- The Washington Times - Sunday, January 6, 2013


He was given short shrift entering the season, primarily due to his diminutive stature. He went on to win Seattle’s starting job, but nationally played second fiddle to Robert Griffin III and third banana to Andrew Luck in this season of high-profile rookie quarterbacks. But Russell Wilson is the one who has advanced to the playoffs’ next round while the other two have begun their offseason vacations.

Only a special player could out-RG3 in RG3’s house, flip the script and force the Redskins to swallow what their face of the franchise dished out all season. But Griffin couldn’t keep up with Wilson, not with a bum right knee entering the game and a banged-up passing hand suffered in the first quarter.

Unencumbered by a bulky brace, aching joints and bruised extremities, Wilson demonstrated why his name has crept into Rookie of the Year conversations, flummoxing Washington in a 24-14 victory in a NFC wild-card game Sunday at FedEx Field.

Wilson didn’t produce eye-popping statistics, but he provided steady leadership and a calm demeanor as the Seahawks fell behind 14-0 in the first quarter. His passing and running on three consecutive drives to end the first half resulted in 13 points and a one-point game at intermission.

“His demeanor never changes,” Hall of Fame quarterback Warren Moon said outside the Seahawks’ locker room. “He’s like [Tom] Brady and [Peyton] Manning, their face never changes, even today at 14-0. That’s what I look for in a quarterback. Are his eyes wide? Is he rattled? But he’s so confident in his preparation, he never wavers.”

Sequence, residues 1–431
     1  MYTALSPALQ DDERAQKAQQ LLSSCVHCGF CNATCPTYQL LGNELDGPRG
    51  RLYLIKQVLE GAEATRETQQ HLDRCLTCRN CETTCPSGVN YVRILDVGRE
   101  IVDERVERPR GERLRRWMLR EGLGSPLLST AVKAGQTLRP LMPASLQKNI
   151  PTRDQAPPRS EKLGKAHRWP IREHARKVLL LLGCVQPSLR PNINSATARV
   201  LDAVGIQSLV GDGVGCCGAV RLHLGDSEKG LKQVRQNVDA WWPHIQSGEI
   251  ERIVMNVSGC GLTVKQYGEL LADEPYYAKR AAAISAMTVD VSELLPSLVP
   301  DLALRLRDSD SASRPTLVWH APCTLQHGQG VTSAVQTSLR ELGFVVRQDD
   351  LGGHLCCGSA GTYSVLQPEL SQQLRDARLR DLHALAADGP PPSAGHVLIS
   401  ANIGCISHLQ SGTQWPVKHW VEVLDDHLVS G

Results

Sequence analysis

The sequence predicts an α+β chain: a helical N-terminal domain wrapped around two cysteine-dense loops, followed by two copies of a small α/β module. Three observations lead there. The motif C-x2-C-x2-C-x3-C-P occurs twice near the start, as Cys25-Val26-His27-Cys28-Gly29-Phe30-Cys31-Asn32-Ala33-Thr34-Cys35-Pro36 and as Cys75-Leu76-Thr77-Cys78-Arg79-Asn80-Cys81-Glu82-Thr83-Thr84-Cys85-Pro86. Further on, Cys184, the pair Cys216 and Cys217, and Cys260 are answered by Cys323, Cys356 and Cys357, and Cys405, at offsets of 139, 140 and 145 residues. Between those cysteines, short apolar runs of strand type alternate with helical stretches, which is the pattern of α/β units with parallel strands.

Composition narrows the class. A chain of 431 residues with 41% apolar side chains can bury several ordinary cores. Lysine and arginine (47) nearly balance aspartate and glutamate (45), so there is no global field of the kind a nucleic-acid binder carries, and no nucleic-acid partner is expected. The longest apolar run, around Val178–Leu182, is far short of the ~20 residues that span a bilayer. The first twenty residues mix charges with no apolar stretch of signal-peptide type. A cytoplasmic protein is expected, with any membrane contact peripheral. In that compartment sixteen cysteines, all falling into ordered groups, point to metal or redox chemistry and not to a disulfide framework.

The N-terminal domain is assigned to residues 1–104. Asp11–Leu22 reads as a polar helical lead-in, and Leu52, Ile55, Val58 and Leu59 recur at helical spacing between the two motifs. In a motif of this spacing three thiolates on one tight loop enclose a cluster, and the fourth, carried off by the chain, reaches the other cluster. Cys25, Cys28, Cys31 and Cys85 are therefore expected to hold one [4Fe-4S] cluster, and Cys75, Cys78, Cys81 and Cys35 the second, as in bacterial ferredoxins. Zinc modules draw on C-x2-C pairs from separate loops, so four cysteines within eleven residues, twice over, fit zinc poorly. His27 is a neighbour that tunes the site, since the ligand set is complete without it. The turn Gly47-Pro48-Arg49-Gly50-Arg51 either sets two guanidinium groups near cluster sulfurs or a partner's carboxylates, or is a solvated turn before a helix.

Neither does his team’s belief in him. Unlike Griffin and Luck, Wilson didn’t come in as a ballyhooed franchise savior. More than a few teammates, let alone NFL pundits, wondered if the 5-foot-11, 206-pounder could play at a high level. But he won them over as the season wore on, to the point where no one was surprised at Sunday’s comeback.

Wilson even got to show off his downfield skills, helping to spring Marshawn Lynch on two long runs, including the 27-yarder for Seattle’s go-ahead touchdown with 7:08 left in the fourth quarter.

“I guess it’s from watching the offensive line block all the time,” Wilson said. “Marshawn always tells me, ‘I got your back, I got your back.’ I just try to help him out once in a while.”

Wilson finished with 187 yards passing and 67 yards rushing, with a huge hand in the Seahawks’ scoring drives.

He accounted for all but 5 of the 66 yards when Seattle got on the board with a 32-yard field goal. He knocked a fumble away from a Redskins defender on Seattle’s next possession, allowing Lynch to scoop the ball in stride and rumble 20 yards. Wilson did the rest from there, capping the 73-yard drive with 4-yard touchdown pass to Michael Robinson.

With 3:36 left in the first half, Wilson directed a 10-play, 63-yard march for a short field goal as time expired.

“He’s just very poised,” said tight end Anthony McCoy. It doesn’t matter if we’re down by 21 or if we’re up by 21. He’s been doing that all year so it’s no surprise that he’s [succeeding] in big games like this.”

The zone read that RG3 and Alfred Morris have run to perfection was duplicated perfectly by Wilson and Lynch.

Wilson is playing better than most anyone expected entering the season. Now, no one expects anything less.

“It was a slow process,” McCoy said. “We had to figure out what kind of offense we were going to run. They figured out this whole option attack, and it’s been going great.”

The same was true of the Redskins before their season ended Sunday. Fans didn’t get to see a healthy, effective RG3 in the final game this year at FedEx Field. But they were able to see a reasonable facsimile lead the other team to victory.

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